With the right treatment and support, you can learn to better control and recover from anxiety. The recovery process might be different for everyone, but learning how to identify triggers that cause you to feel anxiety and use strategies to lessen the negative responses are ways to successfully control symptoms.
Cognitive Behavioural Therapy (CBT) is one of the most common therapies used to help manage anxiety. It helps us to understand how thoughts and behaviours are connected to our feelings and how to change these negative responses into more realistic and positive problem-solving approaches.
You can actually start to practice some of the skills taught in CBT in your own home! Find a quiet, comfy place and try some of these exercises:
We all know technology is cool (hey, you are probably reading this on your phone or iPad right now!), so mental health advocates have also developed a number of free apps to help you cope with anxiety and can be used in combination with other professional supports.
Here are some apps worth checking out:
- Mindshift is an app designed to help teens and young adults cope with anxiety.
- Headspace features "a gym membership for the mind" and includes meditation and mindfulness techniques to help manage stress and anxiety.
- Self-Help for Anxiety Management takes on a holistic view of anxiety treatment so you can learn how to better manage your emotions and physical reactions to them.
- What's Up? teaches CBT techniques to help you learn more about how you think and how your thoughts affect your emotions.
Take time for self-care
One of the most important ways to help manage anxiety is through self-care. Setting time aside each day to care for ourselves gives us more energy and focus in order to manage stress and make positive changes in our lives. Don't feel guilty for taking the time for you! Even if you have an incredibly long to-do list, take a few minutes in the day to reconnect with yourself. You deserve this time. And your mind and body will feel better for it!
Here are some self-care strategies you can try:
- Listen to music
- Keep a diary
- Talk to someone you trust or spend time with friends and family
- Get as much sleep as possible
- Exercise and eat a healthy diet
Like many things in life, managing anxiety takes practice so try not to be too hard on yourself if you don't feel better right away. Take things one day at a time and celebrate your accomplishments, both big and small. Know you are not alone. Don't be afraid to ask for help if your anxiety is affecting your life. There are people and places around you who want to help and support you in your journey to recovery and happiness.
If you or someone you know is at risk please contact your nearest Crisis Centre or call Kids Help Phone at 1-800-668-6868 to speak to a counsellor.
Frame Of Mind is a new series inspired by The Maddie Project that focuses on teens and mental health. The series will aim to raise awareness and spark a conversation by speaking directly to teens who are going through a tough time, as well as their families, teachers and community leaders. We want to ensure that teens who are struggling with mental illness get the help, support and compassion they need. If you would like to contribute a blog to this series, please email email@example.com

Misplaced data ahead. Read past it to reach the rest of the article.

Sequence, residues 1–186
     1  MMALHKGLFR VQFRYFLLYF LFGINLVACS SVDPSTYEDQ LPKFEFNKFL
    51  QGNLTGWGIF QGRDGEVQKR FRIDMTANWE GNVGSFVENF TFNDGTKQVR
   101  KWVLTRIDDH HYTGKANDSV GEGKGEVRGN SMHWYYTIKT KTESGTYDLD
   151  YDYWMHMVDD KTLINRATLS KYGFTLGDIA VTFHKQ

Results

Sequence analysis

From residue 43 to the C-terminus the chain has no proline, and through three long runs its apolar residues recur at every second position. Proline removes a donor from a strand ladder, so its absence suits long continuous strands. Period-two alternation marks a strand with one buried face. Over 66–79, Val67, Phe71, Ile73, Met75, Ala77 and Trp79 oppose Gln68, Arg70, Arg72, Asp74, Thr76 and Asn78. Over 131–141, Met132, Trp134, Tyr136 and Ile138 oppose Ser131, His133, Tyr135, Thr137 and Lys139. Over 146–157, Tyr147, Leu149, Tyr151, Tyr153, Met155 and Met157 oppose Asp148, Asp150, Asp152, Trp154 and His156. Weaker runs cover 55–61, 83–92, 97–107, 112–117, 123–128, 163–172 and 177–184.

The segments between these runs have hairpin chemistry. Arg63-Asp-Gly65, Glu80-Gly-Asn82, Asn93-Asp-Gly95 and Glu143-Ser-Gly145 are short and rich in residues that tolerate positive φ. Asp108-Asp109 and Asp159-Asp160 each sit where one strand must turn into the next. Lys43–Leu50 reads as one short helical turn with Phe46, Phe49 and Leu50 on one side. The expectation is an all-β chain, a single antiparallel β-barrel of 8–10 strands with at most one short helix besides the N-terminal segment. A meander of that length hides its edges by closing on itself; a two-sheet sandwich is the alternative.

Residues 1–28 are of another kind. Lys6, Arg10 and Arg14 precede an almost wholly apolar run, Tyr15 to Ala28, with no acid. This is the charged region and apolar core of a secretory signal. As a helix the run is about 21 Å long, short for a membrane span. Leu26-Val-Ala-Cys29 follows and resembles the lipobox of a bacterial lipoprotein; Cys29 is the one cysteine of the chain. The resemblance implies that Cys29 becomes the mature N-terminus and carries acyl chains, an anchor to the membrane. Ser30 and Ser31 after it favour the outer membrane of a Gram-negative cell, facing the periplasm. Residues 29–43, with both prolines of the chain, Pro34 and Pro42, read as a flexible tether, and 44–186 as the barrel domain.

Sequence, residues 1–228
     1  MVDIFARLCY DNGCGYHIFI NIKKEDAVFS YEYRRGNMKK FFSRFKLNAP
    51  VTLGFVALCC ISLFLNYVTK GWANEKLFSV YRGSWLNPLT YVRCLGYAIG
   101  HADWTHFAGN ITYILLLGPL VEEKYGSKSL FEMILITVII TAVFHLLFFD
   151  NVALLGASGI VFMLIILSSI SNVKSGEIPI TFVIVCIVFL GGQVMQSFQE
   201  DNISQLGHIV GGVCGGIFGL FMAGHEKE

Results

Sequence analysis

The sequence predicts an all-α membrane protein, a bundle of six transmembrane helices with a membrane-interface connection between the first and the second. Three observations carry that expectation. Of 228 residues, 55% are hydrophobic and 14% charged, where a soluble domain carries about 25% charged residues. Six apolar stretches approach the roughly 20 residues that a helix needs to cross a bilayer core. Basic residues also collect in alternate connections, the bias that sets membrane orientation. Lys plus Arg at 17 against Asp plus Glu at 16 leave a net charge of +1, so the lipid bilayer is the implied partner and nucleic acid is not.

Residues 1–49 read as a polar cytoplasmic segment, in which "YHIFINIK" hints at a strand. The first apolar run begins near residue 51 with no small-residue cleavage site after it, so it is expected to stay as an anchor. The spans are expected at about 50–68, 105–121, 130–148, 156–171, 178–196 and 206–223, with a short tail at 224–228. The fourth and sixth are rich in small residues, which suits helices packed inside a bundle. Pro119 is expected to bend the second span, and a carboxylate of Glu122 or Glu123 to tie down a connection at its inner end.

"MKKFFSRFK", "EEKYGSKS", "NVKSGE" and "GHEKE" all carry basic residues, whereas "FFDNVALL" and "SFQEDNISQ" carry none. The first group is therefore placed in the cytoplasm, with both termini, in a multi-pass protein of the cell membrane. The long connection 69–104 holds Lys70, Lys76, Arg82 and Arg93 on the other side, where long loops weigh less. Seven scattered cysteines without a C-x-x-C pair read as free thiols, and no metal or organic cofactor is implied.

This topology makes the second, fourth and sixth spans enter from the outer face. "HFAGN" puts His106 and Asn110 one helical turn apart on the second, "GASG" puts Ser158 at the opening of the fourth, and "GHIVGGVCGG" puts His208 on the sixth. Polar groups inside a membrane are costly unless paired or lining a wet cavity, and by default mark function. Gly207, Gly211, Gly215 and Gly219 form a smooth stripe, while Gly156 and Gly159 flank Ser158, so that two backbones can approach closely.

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One in five Canadians will experience mental illness in their lifetime Source: Canadian Mental Health Association
Nearly half of those who feel they have suffered from depression or anxiety have never gone to see a doctor about this problem. Source: CMHA
Latest studies showed more than 1.3 million young Canadians have a mood disorder or addiction. Two-thirds had symptoms before the age of 15. Source: Statistics Canada, Government of Canada
Suicide is among the leading causes of death in 15- to 24-year-old Canadians, second only to accidents. In 2012, 261 Canadian kids and teens took their own lives. Source: CMHA, Statistics Canada
LGBTQ youth face about 14 times the risk of suicide and substance abuse than their heterosexual peers Source: CMHA Ontario
First Nations youth are at a higher risk. The suicide rate among First Nations youth is roughly five to seven times higher than that of the general population. Source: Parliament of Canada study, 2014
People with mental illness and addictions are more likely to die prematurely than those without. Mental illness can cut 10 to 20 years from a person’s life expectancy. Source: Centre for Addiction and Mental Health
Contending with her bipolar disorder brought Yashi Brown to poetry, and with it, she's trying to end the stigma of mental illness.
If you need help, visit ementalhealth.ca to search for services in your area. Or call the Kids' Help Phone at 1-800-668-6868, it's Canada's only free phone counselling service for youth under 20.
More From Frame Of Mind:
- To Teens In The Darkness: Tomorrow Needs You, We All Need You
- Mental Illness And Teens: It Impacts Every One Of Us
- How I Discovered My Strength In The Throes Of Mental Illness
- Why I Talk About My Depression (And You Should Too)
- Losing My Daughter Taught Me The Importance Of Empathy In Mental Health
- Understanding Teen Suicide Helps Make Sense Of The Heartbreak
Follow Michelle Hermans on Twitter: www.twitter.com/MOBYSSBUS